In Their Own Words: Feingold, Johnson on Federal Debt
MILWAUKEE - Newsradio 620 WTMJ posed six questions to Democrat Russ Feingold and Republican Ron Johnson. We gave each candidate the questions in advance and asked them to formulate 60 second answers that include specifics we can track during their term in office.
Each weekday leading up to the election we'll play you each major Senate candidate's answer to another question at 6:34 on Wisconsin's Morning News and 4:34 on the Greenhouse.
The United States is currently more than $13 trillion in debt, and the debt is expected to continue to rise in the coming years. Is the level of national debt a problem for our country? Why or why not?
Transcript of response from Democratic Candidate Russ Feingold
"The level of debt is a huge problem and we have to work to reduce it. In the nineties,
"I actually worked with Republicans and Democrats and together we began paying down the government debt and actually erased the deficit, and then President Bush was handed a $230 billion surplus, but his irresponsible policies of unpaid for tax cuts, unpaid for a prescription drug bill, exploded the deficit and the debt.
"When President Bush left office, he passed on to President Obama a $1.3 trillion deficit.
"I have opposed the reckless policies that has put us in that ditch, and I'm now trying to turn them around, including my Control Spending Now Act, that has 40 specific proposals to reform our budget.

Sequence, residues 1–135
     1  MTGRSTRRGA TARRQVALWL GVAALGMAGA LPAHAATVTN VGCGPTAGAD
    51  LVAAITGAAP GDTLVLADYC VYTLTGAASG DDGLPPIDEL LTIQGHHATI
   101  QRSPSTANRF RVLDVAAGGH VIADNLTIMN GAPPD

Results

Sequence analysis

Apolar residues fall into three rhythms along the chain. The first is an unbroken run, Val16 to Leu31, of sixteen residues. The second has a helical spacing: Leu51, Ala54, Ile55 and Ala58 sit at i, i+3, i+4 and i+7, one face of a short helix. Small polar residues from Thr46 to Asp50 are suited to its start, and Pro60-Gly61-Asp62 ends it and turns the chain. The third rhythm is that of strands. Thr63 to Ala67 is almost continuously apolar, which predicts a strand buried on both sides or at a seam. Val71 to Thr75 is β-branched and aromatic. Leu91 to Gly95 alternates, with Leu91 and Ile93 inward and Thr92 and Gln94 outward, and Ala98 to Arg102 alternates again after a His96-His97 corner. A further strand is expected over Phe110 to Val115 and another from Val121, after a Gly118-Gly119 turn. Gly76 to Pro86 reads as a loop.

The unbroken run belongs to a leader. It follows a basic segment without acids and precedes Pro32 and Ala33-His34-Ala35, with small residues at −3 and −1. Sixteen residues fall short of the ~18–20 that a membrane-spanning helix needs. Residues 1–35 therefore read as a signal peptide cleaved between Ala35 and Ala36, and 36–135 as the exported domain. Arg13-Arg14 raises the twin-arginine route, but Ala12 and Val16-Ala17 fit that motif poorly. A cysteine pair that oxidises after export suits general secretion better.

"Everything from an IRS slush fund being cut, to various agriculture subsidies, to various mining subsidies, and it also includes budget reforms like the Line Item Veto bill that I've introduced on a bipartisan basis with Wisconsin Republican Paul Ryan. Curbing wasteful spending has to be our very top priority, along with producing jobs.
Transcript of response from Republican Candidate Ron Johnson
"Certainly the current debt of the U.S. does threaten our future prosperity. Currently it stands $13.6 trillion and it's heading north of that.
"We need to first of all recognize that when Sen. Feingold entered office he said his number one goal was debt and deficit reduction. At that point in time, our national debt stood at $4 trillion. Now it's almost $14 trillion.
"He has missed four opportunities to vote for the balance budget amendment.
"That's what we really need to do to in terms of bringing our spending debt under control. We need to establish a very hard spending cap in this country, and that's either a constitutional amendment to balance the budget, or there's other proposals to have a constitutional amendment to limit spending to 20% of our gross domestic product.
"To limit the size and scope of the federal government, that's what is absolutely essential if we're going to get our economy growing and bring a little certainty and stability back to our economy."